Autonomy and its impact on midwifery practice
To explore the definition of autonomy, its significant features and impacts on midwifery practice.
Combined keywords searched were performed on electronic databases: Scopus, Science Direct and Medline within EBSCOhost and Google Scholar. Data were extracted and analysed corresponding to the objectives of this review.
A total of eight studies (
Albeit a limited number of studies were included in the review, this review provides an important platform for understanding the principles and concepts that underpin autonomy in midwifery practice.
Autonomy is not a new concept in midwifery. Although not explicit, the term autonomy has been embedded in the definition of a midwife (International Confederation of Midwives [ICM], 2011). Reiterated in the core document of the ICM, autonomy may be identified, such as through the words: ‘responsible’, ‘accountable’ and ‘midwife's own responsibility’.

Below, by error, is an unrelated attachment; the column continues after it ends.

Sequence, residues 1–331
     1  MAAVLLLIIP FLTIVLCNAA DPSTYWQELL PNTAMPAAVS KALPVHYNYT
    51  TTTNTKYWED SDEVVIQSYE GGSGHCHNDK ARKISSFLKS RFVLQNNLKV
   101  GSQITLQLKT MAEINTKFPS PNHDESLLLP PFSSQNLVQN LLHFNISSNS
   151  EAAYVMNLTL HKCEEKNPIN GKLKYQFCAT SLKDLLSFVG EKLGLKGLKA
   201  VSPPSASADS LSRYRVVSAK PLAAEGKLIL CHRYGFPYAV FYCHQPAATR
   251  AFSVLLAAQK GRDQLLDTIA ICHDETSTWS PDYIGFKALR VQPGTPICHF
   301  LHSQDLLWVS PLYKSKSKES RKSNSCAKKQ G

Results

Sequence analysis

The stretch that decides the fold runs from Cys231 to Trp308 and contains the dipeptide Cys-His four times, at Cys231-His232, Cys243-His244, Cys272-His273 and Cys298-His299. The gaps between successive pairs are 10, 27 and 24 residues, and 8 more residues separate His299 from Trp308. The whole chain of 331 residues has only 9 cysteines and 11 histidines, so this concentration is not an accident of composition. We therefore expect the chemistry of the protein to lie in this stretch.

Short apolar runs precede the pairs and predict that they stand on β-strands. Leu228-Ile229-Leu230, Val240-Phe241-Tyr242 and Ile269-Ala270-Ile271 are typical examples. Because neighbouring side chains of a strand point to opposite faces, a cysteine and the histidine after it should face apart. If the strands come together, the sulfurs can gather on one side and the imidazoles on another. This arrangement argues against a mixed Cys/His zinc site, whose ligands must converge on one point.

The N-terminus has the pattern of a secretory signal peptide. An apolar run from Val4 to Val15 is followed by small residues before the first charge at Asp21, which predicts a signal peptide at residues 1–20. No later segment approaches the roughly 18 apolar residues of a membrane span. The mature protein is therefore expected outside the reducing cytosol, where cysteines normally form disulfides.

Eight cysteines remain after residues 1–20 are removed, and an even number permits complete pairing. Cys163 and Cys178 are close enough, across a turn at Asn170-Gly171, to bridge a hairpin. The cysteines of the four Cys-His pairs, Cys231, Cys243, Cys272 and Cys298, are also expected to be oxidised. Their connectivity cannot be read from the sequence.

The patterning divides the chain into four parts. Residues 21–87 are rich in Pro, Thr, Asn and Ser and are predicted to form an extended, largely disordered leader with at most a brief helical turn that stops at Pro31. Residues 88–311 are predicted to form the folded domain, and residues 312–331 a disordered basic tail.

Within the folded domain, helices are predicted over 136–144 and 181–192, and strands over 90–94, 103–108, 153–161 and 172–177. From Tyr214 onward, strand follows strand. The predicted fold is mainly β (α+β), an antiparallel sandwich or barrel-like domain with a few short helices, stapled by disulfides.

Like ICM (2011) and the Nursing and Midwifery Council ([NMC], 2017) in the UK, the United Nations Population Fund ([UNFPA], 2011) also reports that midwifery has been positioned and proclaimed as an autonomous profession within the national legislation of Indonesia, Myanmar, India and a few African countries. The concept of autonomy also resonates with the concept of midwifery-led care that was promoted more than 25 years ago in the UK with the publication of the Winterton report (House of Commons Health Committee, 1992). Despite the aforementioned, exercising autonomy in midwifery remains a global challenge and Brunei is no exception.
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